Professor of political economics at the University of Athens since 2000. He has published some relevant books and keeps a blog where he shares his thoughts on the current economic and politic situation of Greece and Europe.
Published Books: 'Game Theory: A Critical Text', London and New York: Routledge, 2004 with S. Hargreaves-Heap), 2004;
'Foundations of Economics: A beginner’s companion', London and New York: Routledge, 1998;
'Rational Conflict', Oxford: Blackwell Publishers, 1991
Blog: Thoughts for the post-2008 world
Previous Interviews: 'Rumours of a Greek exit is all smoke and mirrors, the Eurozone is simply not up to it'
It's a fact that all eyes are on Sunday's Greece elections since, as some analysts wrote on Friday morning, the financial world as we know could change depending on what happens this Sunday and on how European authorities react to it. A few days ago, Syriza seemed to take all the bets as the favorite winner of the elections, but as Deutsche Bank's George Saravelos explained in an article: "The average of ten polls conducted last week show New Democracy ahead with a small lead, partially reversing gains from the prior week. The large number of undecideds (around 10%-15%) could easily tip the balance one way or another."
Yet, the market fears a possible Syriza victory that could lead them into selling panic mode while Central Banks are ready for a possible coordinated intervention if needed. What may or may not happen is on the main interest of everyone and speculation is the only tool we have to ease the tension. Once more, FXstreet.com has spoken with Yanis Varoufakis, professor at the University of Athens, expert of the Greek economy and political landscape, this time to ask him his forecast on what could be the results of the Greek Elections.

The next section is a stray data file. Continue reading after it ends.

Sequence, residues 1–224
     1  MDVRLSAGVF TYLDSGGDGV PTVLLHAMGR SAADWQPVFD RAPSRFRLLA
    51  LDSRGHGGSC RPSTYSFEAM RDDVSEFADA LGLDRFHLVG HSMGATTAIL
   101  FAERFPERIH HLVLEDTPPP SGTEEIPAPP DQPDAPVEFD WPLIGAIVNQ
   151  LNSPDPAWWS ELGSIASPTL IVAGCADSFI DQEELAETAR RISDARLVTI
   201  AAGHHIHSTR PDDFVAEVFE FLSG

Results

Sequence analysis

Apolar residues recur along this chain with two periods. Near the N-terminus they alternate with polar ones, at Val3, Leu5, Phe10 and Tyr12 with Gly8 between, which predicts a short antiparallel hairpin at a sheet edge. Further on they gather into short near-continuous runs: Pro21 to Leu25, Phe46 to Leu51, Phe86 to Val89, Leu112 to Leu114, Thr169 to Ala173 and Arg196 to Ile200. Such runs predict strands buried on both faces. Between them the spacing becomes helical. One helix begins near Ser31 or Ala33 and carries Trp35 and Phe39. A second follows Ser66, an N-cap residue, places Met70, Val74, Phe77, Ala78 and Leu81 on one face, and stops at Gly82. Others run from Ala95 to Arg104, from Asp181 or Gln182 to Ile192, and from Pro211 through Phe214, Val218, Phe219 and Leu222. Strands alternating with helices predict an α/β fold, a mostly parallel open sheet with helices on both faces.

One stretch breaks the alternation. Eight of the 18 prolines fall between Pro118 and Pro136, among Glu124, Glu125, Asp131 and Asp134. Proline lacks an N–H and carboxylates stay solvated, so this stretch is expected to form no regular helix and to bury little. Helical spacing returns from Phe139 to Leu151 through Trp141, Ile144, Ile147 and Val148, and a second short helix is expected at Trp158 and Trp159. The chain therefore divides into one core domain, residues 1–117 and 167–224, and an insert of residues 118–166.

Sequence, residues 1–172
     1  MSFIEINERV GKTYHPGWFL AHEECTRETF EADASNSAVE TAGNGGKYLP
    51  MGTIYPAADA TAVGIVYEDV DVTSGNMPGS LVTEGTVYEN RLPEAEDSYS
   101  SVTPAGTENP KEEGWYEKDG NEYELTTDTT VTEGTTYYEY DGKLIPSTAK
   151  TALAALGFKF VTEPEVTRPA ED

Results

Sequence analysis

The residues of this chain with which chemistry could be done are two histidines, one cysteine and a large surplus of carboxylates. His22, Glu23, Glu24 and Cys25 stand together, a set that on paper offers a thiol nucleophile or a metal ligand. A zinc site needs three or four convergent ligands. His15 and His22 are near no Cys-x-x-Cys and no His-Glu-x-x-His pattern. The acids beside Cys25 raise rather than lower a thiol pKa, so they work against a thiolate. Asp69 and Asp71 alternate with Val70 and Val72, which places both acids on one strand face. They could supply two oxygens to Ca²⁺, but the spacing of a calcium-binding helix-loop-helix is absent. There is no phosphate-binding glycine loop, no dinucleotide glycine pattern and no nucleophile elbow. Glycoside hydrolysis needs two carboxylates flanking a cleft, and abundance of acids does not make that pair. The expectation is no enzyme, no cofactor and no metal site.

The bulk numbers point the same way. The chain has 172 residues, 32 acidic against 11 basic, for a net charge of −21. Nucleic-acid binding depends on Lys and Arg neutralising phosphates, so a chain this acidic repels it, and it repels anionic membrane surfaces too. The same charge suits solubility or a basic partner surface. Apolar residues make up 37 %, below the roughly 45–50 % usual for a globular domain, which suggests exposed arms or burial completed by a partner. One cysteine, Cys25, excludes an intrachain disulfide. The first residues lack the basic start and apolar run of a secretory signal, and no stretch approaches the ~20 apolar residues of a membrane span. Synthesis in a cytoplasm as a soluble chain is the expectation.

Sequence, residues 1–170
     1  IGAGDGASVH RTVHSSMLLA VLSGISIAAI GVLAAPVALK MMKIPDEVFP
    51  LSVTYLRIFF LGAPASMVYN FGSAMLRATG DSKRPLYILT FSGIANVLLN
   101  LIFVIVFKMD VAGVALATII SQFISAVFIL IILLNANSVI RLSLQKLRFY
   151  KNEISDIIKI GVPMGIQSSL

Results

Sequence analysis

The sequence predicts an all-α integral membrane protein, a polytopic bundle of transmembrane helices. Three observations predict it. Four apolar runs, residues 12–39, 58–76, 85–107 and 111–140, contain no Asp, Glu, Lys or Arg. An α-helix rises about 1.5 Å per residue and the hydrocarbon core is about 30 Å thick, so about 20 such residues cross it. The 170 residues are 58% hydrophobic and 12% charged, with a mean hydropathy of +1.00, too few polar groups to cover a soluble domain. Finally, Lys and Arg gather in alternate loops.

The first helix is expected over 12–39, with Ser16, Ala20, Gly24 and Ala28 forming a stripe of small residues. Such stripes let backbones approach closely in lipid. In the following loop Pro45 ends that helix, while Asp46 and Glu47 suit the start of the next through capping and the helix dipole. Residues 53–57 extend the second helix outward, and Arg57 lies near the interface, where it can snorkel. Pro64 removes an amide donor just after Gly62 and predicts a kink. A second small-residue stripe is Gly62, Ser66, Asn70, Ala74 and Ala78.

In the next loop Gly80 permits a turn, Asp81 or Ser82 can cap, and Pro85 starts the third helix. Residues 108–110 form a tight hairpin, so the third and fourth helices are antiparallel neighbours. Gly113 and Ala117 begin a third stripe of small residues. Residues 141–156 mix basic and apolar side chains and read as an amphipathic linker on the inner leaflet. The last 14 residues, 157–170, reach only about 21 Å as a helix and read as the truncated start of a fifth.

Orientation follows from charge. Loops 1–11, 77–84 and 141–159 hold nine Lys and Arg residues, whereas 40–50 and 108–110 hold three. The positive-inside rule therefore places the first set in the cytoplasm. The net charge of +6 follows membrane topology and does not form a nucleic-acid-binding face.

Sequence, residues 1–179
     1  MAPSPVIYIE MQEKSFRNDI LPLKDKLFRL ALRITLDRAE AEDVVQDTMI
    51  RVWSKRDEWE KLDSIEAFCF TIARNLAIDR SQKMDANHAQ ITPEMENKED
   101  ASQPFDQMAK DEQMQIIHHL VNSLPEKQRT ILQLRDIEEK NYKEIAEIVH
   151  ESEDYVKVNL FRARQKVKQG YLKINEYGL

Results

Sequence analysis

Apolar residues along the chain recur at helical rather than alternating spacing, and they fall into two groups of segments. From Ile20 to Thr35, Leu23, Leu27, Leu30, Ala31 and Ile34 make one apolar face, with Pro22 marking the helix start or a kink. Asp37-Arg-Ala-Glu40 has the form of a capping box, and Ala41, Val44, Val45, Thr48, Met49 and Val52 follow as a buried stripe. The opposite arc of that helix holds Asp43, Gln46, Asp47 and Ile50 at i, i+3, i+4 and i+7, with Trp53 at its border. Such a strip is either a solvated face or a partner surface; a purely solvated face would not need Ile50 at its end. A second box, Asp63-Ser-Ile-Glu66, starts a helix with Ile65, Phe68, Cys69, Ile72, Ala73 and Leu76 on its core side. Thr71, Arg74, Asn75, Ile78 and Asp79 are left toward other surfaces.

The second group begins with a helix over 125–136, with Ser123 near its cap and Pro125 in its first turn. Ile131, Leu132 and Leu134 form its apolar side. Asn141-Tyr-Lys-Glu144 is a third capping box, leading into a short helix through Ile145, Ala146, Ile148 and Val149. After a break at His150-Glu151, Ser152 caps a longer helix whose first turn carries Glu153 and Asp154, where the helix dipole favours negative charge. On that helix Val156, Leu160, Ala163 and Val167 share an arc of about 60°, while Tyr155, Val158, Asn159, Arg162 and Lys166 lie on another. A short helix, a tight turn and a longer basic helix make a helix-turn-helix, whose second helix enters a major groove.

New Democracy (ND) and Syriza are running neck and neck in this last stage of the pre-elections process. Do you think that there is a real favorite?
The race is too close to call and the outcome will probably be determined inside the polling booths, as voters weigh up, at the very last moment, the risk of saying 'no' to the troika (under the latter's threat of cutting Greece loose from the Eurozone) and the risk of carrying on along the troika's line (which also threatens Greece with a gradual degeneration leading the country out of the euro).
"Voters weigh up, at the very last moment, the risk of saying 'no' to the troika (under the latter's threat of cutting Greece loose from the eurozone) and the risk of carrying on along the troika's line"
How would the markets react to a hypothetical Syriza victory?
Markets will react negatively on Monday, if Syriza wins, and then rebound on Tuesday once it is established that the world has not really ended. The longer term effects will depend on how Europe will handle a negotiation with a Syriza government as well as on how adept Syriza proves to be at steering a sensible, though tough, course within Europe.
Do you think they will be able to develop their economic growth plan and still keep the country in the Eurozone?
No. Greece cannot recover within the euro (under the present eurozone-wide policies) nor outside. What Syriza must attempt is to negotiate a New Deal (and not just for Greece) that will make it possible for growth to return within the Eurozone's periphery.
"Markets will react negatively on the Monday, if Syriza wins, and then rebound on Tuesday once it is established that the world has not really ended"
And what could happen if there is a victory for ND or a right forces coalition?
Accelerating stagnation and a boost for the currently dominant forces of inertia within Europe.
What could be PASOK's role in the after elections process?
ND cannot rule on its own. It needs PASOK. And it will enter a coalition with it if ND tops the polls. And then we shall have the accelerating stagnation I referred to above. If, on the other hand, Syriza comes first, it will be interesting to see if PASOK will agree to enter a coalition with Syriza, agreeing to a rejection of the bailout agreement that PASOK signed with the troika a few short months ago!